Saturday, October 11, 2014

A Feminist Raises Its Daughter

I am currently reading Naomi Wolf's "Beauty Myth" which I suggested to my 15-yr old girl to help in critical "methodology" for her IB MYP project on "The image of women in advertising" and have conjured up more enthusiasm for the book, after toiling through the first 50 pages of conspiracy theory. Interesting point that the only professions where women are consistently paid higher than men are modeling and porn. Automatically ruling out porn, why would mothers NOT encourage their daughters to ever enter any profession (not just modeling, but including TV presenter, housewife, etc.) where their most valuable attribute is their appearance?

Because to do so, would be condemning your child to a life-time of insecurity, always worrying that she will be too fat, or too thin (aka not voluptuous enough because every smart woman knows the commercial appeal of Kate Moss is that, until she drank and drugged herself into middle-age, she looked like a child, which is disturbing if you think about that too much), not young enough, not mainstream enough, not exotic enough, not this year's look...always subjecting yourself to a judgment criteria you don't control.

"Men look at women. Women watch themselves being looked at...confuse desiring with being desired...a beautiful heroine is a contradiction in terms, since heroism is about individuality, interesting and ever changing, while "beauty" is generic, boring and inert." "A man's right to confer judgment on a woman's beauty while remaining himself unjudged is beyond scrutiny because it is thought of as God-given." "Though God made Adam from clay in his own image, Eve is an expendable rib. God breathed life directly into Adam's nostrils, inspiring his body with divinity; but Eve's body is twice removed from the Maker's hand, imperfect matter born of matter."

"The beautiful woman is forever excluded from the rewards and responsibilities of particular human love, for she cannot trust that any man will love herself "for herself alone." "When men are more aroused by the symbols of sexuality than by the sexuality of women themselves, they are fetishists. Fetishism treats the part as if it were a whole; men who choose a lover on the basis of her "beauty" alone are treating the woman as a fetish--that is treating a part of her, her visual image, not even her skin, as if it were her sexual self. The woman's value as a fetish lies in the way her "beauty" gives him status in the eyes of other men.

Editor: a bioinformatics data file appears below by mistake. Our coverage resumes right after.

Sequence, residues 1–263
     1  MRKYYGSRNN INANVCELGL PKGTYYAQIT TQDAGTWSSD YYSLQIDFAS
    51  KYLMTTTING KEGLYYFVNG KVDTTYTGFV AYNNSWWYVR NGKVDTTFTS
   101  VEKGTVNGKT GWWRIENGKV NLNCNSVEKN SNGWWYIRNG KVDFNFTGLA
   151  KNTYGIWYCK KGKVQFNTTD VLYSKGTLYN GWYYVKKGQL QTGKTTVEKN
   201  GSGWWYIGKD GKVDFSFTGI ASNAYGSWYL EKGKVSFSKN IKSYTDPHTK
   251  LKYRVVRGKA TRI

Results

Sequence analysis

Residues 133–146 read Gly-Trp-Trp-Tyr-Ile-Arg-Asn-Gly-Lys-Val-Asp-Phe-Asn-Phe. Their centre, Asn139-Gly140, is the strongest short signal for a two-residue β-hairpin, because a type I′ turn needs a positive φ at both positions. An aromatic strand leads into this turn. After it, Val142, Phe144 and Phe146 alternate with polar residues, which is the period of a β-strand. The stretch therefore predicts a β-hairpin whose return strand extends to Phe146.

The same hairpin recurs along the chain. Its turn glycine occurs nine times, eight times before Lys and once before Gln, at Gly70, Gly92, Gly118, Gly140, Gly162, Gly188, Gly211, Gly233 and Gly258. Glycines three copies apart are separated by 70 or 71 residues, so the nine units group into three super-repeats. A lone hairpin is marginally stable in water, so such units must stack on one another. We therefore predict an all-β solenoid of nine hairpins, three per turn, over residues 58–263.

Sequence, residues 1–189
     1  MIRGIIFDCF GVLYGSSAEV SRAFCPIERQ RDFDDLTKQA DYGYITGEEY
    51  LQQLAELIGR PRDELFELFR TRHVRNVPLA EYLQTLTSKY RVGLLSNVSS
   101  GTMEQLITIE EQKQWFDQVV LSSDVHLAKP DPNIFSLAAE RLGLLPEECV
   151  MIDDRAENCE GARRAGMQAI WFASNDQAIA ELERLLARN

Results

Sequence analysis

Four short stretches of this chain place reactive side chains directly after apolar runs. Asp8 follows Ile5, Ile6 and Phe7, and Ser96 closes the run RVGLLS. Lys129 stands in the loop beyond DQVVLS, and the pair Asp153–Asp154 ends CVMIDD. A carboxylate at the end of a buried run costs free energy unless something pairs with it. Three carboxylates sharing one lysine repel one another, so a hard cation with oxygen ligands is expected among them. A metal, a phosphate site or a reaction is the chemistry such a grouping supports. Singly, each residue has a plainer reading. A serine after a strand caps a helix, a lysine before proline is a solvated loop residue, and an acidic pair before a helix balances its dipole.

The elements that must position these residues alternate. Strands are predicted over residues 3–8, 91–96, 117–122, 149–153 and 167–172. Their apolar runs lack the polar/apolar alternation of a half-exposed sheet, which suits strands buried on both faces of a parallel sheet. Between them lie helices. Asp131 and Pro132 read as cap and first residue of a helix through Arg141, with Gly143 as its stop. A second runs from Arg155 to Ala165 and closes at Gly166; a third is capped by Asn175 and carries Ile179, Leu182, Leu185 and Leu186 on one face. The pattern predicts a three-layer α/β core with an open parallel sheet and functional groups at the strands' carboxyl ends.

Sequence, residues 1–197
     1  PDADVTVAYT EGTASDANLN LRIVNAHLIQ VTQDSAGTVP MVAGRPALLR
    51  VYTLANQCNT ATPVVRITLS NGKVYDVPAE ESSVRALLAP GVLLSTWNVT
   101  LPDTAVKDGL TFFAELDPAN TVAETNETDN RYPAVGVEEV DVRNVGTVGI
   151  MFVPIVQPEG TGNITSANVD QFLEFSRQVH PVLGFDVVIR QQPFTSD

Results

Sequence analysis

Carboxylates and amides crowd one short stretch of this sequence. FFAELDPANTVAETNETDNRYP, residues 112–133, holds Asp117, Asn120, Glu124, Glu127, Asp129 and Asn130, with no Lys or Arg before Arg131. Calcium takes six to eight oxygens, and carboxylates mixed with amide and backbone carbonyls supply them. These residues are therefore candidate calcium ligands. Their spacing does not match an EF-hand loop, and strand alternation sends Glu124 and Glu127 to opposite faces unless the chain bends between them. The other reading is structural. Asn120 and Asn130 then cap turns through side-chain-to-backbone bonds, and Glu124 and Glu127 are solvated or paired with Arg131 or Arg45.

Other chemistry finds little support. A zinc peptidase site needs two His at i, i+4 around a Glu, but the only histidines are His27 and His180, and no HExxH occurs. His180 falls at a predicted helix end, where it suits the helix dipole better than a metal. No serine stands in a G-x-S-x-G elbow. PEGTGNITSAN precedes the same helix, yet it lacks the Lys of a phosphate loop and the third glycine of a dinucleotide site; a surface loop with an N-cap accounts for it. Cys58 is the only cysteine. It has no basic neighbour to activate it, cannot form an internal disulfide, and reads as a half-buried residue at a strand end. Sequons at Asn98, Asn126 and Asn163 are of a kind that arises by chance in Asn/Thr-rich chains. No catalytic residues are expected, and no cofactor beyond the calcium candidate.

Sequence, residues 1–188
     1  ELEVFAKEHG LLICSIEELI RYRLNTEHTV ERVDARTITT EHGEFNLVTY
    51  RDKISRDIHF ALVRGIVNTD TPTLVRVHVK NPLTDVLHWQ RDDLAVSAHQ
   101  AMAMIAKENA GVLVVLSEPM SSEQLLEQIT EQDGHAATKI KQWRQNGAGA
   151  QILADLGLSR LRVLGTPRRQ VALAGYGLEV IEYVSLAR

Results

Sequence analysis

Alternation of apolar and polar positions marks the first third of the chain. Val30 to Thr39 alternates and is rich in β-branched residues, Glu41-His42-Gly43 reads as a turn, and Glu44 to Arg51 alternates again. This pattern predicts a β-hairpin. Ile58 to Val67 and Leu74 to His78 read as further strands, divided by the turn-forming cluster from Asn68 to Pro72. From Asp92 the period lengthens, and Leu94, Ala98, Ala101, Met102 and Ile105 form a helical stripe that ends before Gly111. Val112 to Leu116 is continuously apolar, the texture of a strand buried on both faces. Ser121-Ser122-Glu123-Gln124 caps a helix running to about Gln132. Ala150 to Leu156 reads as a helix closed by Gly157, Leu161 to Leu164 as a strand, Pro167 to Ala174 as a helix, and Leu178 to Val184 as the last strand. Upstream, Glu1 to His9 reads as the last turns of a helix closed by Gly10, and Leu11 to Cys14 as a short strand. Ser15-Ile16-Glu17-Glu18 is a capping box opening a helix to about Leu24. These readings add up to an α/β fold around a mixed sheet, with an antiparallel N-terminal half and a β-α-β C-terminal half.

Wolf's thesis is that in "modern" European and North American culture up through the 19th century up to WWII, in mainstream culture, a woman's value was determined by her moral and spiritual purity, her religious devotion. With the end of WWII and the conversion to the consumer era, this religious fervor was transferred to the "Feminine Mystique" the value of the woman as the ultimate house-keeper, mother and home-maker, opening up the possibility to sell them detergents, house-hold appliances, sewing machines, baking accoutrements. Cleanliness was next to godliness and the new holy waters were soaps and detergents. With the feminist revolution in the 1960s and the entry of large numbers of women into the workforce, this no longer became as economically attractive a business model, so a new standard was invented - the Beauty standard.

Like any ideal, ideal beauty can never be achieved. Beauty is made into a religion in our culture. Like any religion, you must suffer and pay a high price to be beautiful, whether it is through gym work-outs or endless beauty maintenance rituals, ranging in pain and invasiveness from eyebrow pluckings, to laser treatments, to plastic surgeries. The holy oil of purification in the Beauty ritual is the ultimate consumer product: skin cream which promises to revitalize, rejuvenate, replenish nourish, reverse the signs of aging, protect your skin from a "hostile" environment, provide the skin with the calorie-rich indulgences "caviares" and "mousses" that most thin women cannot ingest as a food. The holy oil of beauty cream has a 10x profit margin on the base ingredients, cannot be misrepresented because everybody knows these products don't actually do what they promise - since none of these products actually penetrates the stratum corneum to effect any changes on a cellular level, and the more you charge for it, the more people will pay.

My daughter is now plotting (she is 15 and her "future job plans" change every week) to go to work for the health and beauty division of a consumer products company.

How does a Feminist raise its sons? Well, in addition to educating themselves to the level they need to engage in a fulfilling and self-sustaining (aka not sucking off the parental teat) profession, like my daughter, before they leave my house, my boys will know how to clean a bathroom like nobody's business, cook at least three full, healthy meals, open the door for any woman or girl and treat women with courtesy, respect and old-fashioned manners, and maybe just maybe if they attend SEC football games, wear a coat and tie? Because, at the end of the day, George Clooney dated cocktail waitresses and television presenters, but he married an Oxford-educated international human rights lawyer (who also happens to be beautiful), and I want my sons to find smart life partners with character, moral and family values...

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